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Noise Floor

November 20th, 2006

concrete sky

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Giant planets are interesting. Terrestrial planets are more interesting. Habitable terrestrial planets are the most interesting of all, and it’s nearly guaranteed that we’re living in the age when the first genuinely Earthlike worlds beyond our solar system will be discovered. The only question is which technique will wind up doing it. The big money is on space-based transit photometry, but I think that ground-based RV might take the prize.

The Systemic Challenge 004 system was designed to be a futuristic idealization of what the Sun’s reflex velocity would like if it were observed with high precision from a neighboring star for more than two decades.

The individual radial velocity uncertainties for the 1172 velocities the Challenge 004 datset are each of order 10 centimeters per second. Errors this small are still safely smaller than the sub-meter per second precision that is currently being obtained by the Swiss team (with HARPS) and the California Carnegie team (at Keck). Given the rapid improvement in the radial velocity technique over the past decade, however, it’s not at all unreasonable to expect instrumental precisions of 10 cm/s fairly soon. Many console users were able to extract the four largest-amplitude solar-system planets — Jupiter, Saturn, Earth, and Venus — out of the challenge004 dataset, suggesting that it’s only a matter of time before instrumental precisions and observational baselines arrive at the threshold where truly habitable, Earth-mass planets can be detected from the ground using the radial velocity technique.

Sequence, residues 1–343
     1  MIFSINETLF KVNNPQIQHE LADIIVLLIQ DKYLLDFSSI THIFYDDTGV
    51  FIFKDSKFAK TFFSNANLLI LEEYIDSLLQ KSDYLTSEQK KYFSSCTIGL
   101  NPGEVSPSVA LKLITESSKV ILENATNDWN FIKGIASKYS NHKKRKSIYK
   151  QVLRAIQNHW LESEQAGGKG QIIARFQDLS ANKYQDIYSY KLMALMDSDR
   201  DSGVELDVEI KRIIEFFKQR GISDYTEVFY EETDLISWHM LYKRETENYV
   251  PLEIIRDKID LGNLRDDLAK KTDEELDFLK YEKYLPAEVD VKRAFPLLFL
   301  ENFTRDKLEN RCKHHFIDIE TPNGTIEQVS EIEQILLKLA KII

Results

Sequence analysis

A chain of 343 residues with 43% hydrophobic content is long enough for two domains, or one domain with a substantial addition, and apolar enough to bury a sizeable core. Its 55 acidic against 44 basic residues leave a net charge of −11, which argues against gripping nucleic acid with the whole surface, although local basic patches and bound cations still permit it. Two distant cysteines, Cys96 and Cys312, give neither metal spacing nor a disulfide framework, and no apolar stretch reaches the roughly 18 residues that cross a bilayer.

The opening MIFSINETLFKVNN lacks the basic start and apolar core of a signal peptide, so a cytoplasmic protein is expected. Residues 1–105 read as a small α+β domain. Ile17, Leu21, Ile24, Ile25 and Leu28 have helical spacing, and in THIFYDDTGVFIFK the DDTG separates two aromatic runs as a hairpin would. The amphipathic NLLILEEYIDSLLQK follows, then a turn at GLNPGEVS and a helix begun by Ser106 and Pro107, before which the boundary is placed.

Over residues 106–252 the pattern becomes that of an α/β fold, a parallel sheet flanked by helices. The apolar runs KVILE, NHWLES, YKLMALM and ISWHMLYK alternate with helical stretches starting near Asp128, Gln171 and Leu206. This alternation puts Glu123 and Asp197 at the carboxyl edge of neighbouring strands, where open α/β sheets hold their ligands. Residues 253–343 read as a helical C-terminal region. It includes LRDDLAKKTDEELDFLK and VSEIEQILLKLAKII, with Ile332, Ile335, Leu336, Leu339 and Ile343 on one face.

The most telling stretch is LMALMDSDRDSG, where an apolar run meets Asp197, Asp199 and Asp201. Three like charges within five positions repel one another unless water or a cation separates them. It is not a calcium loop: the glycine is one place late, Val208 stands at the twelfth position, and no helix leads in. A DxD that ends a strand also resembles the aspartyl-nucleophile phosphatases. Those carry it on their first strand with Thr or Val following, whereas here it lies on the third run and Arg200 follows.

A potential show-stopper for this rosy predictive picture is the astrophysical radial velocity noise produced by the stars themselves. If you want to detect a planet with the mass and period of Earth (which induces a radial velocity half-amplitude of only 9 cm/sec) then you need to be assured that the star is quiet enough for the low-amplitude terrestrial planet signal to be detectable. It’s therefore natural to ask the question: what does the Sun’s reflex velocity look like?

The GOLF experiment on the SOHO satellite provides one set of measurements. A massive time-series of radial velocity observations (from 1996 through 2004) has been published, and is now publicly available. The data set contains over seven million radial velocities taken at a 20-second cadence. The main goal in obtaining this data was to study the Sun’s spectrum of p and g-type modes, which show strongest oscillations at periods of a few minutes.

Three alternate calibrations of the GOLF dataset are posted on the project website. Two of these have clearly been processed to filter out low-frequency, long-period radial velocity variations. It’s interesting, however, to look at what the one unfiltered dataset suggests is happening over timescales of a year or more. I sampled the unfiltered data at a cadence of one velocity measurement per several days, and then loaded the resulting time-series into freshly downloaded version of the systemic console:

radial velocities from the GOLF experiment